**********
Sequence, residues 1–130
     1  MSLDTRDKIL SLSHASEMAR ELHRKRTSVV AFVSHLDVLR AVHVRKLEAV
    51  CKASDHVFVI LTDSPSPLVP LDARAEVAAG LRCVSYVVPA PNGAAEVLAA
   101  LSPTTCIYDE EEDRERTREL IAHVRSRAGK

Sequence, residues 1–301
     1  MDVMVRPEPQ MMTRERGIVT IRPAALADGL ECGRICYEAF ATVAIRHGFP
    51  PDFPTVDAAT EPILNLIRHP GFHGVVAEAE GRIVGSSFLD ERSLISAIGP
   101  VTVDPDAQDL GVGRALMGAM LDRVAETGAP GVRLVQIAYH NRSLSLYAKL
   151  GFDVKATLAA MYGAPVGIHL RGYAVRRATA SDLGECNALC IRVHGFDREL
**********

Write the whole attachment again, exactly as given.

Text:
Sequence, residues 1–130
     1  MSLDTRDKIL SLSHASEMAR ELHRKRTSVV AFVSHLDVLR AVHVRKLEAV
    51  CKASDHVFVI LTDSPSPLVP LDARAEVAAG LRCVSYVVPA PNGAAEVLAA
   101  LSPTTCIYDE EEDRERTREL IAHVRSRAGK

Sequence, residues 1–301
     1  MDVMVRPEPQ MMTRERGIVT IRPAALADGL ECGRICYEAF ATVAIRHGFP
    51  PDFPTVDAAT EPILNLIRHP GFHGVVAEAE GRIVGSSFLD ERSLISAIGP
   101  VTVDPDAQDL GVGRALMGAM LDRVAETGAP GVRLVQIAYH NRSLSLYAKL
   151  GFDVKATLAA MYGAPVGIHL RGYAVRRATA SDLGECNALC IRVHGFDREL